The Recognition model is perhaps the most advantageous application of a quantum-enabled image processing model courtesy of the low dimensionality of the output, which is usually a label, and therefore easily extracted with a low number of shots. In contrast to the Recognition model, there exists an inherent challenge for the Alteration model. It requires the user to read out a large state vector, which in turn requires a considerably high number of shots for an adequately accurate demonstration. As quantum computing hardware improves, however, so will the potential advantage of employing quantum filters characteristic of Alteration use cases to carry out quantum image processing. Furthermore, our current research paves the way for development of feasible generative quantum AI models, something which we are striving for in the year to come!
In conclusion, we are proud to demonstrate initial evidencethat quantum image processing is a promising avenue for performing classification for large models The current body of work at Qualition can be further extended to a variety of modalities and generalized to be the first of its kind, “High Dimensional QML”, feasible on current hardware. These pursuits will be integral to demonstrating quantum hardware’s advantage for real-life industrial use cases over a vast array of fields, and certain aspects of the framework can be extended to other fields of quantum computing e.g., large-scale QAOA, more complex quantum drug simulation, and even faster quantum key distribution.
Why is image processing a strong application for quantum computing?
Image processing is an inherently resource-intensive task due to its high dimensional nature. Classical paradigms have been performing quite well, as can be seen in a variety of papers and products for classification, alteration, and generations aspects of AI and machine learning. However, the computational cost of the models and the time taken to train them grows as we scale these models and may impact the environment due to the increased demands on classical computing hardware.
Given the mathematical similarities between image processing and quantum mechanics, we can demonstrate a significant advantage when performing the classification tasks using quantum hardware. Assuming we can feasibly implement the models on current hardware, we can expect significant speedups in training and inference time as compared to the equivalent classical models.
That said, image processing is perhaps the perfect use case for demonstrating the quantum advantage in industrial use-cases for the NISQ era hardware, for both scientific as well as artistic endeavors.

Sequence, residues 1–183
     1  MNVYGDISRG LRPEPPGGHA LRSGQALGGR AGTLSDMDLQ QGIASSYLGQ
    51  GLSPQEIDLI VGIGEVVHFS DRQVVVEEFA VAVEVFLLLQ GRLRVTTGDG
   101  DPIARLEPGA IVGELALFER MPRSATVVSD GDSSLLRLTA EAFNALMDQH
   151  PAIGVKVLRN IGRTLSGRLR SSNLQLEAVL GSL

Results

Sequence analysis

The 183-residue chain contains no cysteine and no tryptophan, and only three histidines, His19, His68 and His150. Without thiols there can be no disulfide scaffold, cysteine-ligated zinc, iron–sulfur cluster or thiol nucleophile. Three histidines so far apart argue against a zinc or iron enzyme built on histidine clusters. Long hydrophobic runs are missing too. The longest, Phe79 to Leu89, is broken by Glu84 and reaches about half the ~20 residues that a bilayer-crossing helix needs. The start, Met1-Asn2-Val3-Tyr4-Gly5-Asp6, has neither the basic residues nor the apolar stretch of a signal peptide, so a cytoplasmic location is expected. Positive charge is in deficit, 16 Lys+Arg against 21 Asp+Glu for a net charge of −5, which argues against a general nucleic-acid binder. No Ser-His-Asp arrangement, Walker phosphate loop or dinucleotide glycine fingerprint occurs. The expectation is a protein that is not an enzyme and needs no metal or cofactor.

Why did Qualition select the visualization challenge?
Our Quantum Image Processing framework provides a user-friendly illustration for understanding the effect of quantum evolution operators on a given state, similar to that of a Bloch Circle, but generalized to N-dimensional states.
Given the mathematical correspondence, we can infer that real-valued quantum states can be represented as images, and thus we can visually observe the effect of applying any real-valued quantum operation to the state through the change in the state’s image representation.
This visualization can be expanded to a procedural generation illustrating the gradual change in the quantum state by gradually applying the operation, i.e., applying an RY as we gradually increase the rotation angle.
What are some areas/industries in which quantum-enabled image processing could be used?
Quantum image processing can be applied to virtually any image processing task present in the industry, and some examples which would considerably benefit from such a quantum-enabled model would be medical Imaging (e.g., cancer detection, disease classification, segmentation for neurological diseases), satellite Imaging (e.g., object detection, land cover and land use detection, and change detection), and real-time unmanned vehicle routing (e.g., autonomous vehicles, unmanned drones, and robotics).
Quantum-enabled image processing obviates the need to remove certain features for a faster inferenc, a necessary step in classical Deep Learning models. Therefore, using quantum techniques, we can capture and retain more information. In the case of medical imaging, the ability to retain key information content may be the difference between finding a small tumor or not.
We look forward to seeing what the Qualition team does next!